After being told the office opens anytime between 8 and 8:30 am, I arrived at 8:30 am to find it devoid of life. I came back at 8:50 am and a solitary coworker has arrived and is able to let me in.
The first day at work consisted predominantly of “storistori” with the colleagues. Storistori is long-winded, companionable chitchat that often loses direction along the way or doesn’t have a point. This is one way for me to get up to speed with what’s going on here and what I can expect.
After some confusion about where I was to be sitting and whether I had a work computer or not, we figured something out and I was in a familiar environment of cubicles and laptops. Sweet, soothing, comforting cubicles.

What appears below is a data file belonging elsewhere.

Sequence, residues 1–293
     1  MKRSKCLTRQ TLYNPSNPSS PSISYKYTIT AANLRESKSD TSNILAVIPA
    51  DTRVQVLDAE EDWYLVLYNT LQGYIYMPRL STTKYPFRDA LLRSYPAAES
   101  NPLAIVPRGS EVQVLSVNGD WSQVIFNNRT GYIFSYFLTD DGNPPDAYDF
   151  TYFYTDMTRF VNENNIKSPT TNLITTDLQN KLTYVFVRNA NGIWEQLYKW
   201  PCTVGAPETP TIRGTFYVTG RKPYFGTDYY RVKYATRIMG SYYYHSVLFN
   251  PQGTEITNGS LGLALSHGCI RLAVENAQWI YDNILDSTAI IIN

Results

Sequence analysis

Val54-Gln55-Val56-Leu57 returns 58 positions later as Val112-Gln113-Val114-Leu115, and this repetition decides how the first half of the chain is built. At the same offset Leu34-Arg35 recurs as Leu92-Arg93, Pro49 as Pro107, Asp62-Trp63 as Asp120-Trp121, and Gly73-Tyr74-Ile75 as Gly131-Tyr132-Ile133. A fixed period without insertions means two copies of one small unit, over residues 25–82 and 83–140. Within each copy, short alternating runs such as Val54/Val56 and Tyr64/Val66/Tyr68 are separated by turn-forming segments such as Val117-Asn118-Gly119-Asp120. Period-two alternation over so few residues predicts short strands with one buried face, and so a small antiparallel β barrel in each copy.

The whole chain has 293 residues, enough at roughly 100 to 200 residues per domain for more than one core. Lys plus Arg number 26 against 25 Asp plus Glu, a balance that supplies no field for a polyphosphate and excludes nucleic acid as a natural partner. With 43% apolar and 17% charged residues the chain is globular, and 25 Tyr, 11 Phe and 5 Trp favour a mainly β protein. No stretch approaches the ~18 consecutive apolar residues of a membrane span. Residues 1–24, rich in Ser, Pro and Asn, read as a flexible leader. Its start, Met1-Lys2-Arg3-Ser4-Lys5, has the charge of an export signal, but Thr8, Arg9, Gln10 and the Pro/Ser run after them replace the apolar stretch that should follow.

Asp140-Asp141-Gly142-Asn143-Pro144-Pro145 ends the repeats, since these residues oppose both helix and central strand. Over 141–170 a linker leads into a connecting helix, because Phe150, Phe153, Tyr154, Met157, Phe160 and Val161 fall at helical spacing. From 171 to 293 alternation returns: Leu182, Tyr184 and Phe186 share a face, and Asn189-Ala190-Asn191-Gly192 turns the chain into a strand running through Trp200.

The office building itself, I have been told, is on the verge of collapse. It’s been through many earthquakes, leaks, and is that asbestos in the ceiling?
I can’t rule that out.
Only one of the two lifts work and I was told that my predecessor always took the stairs after experiencing a near-death lift failure. As my laziness outweighs my fear of death, I take the lifts.
The toilet situation here is bleak. Each floor shares a communal toilet with the other offices and everyone is to bring their own toilet paper. You can smell the caked urine as you approach the toilets, maybe one metre in advance. I have accepted that one of my favourite office pastimes will no longer be a thing.
The rest of the day consisted of more storistori with the remaining colleagues as I met them. All good people.
Got a free lunch which everyone attacked with gusto: rice, kumara (which they also happen to call kumara here (anthropologists will have a field day studying this country), taro, with chilli chicken, chilli beef, or chilli pork.
So, no actual work done today but I have been told to take it easy and settle in before they bombard me with work.
I won’t complain.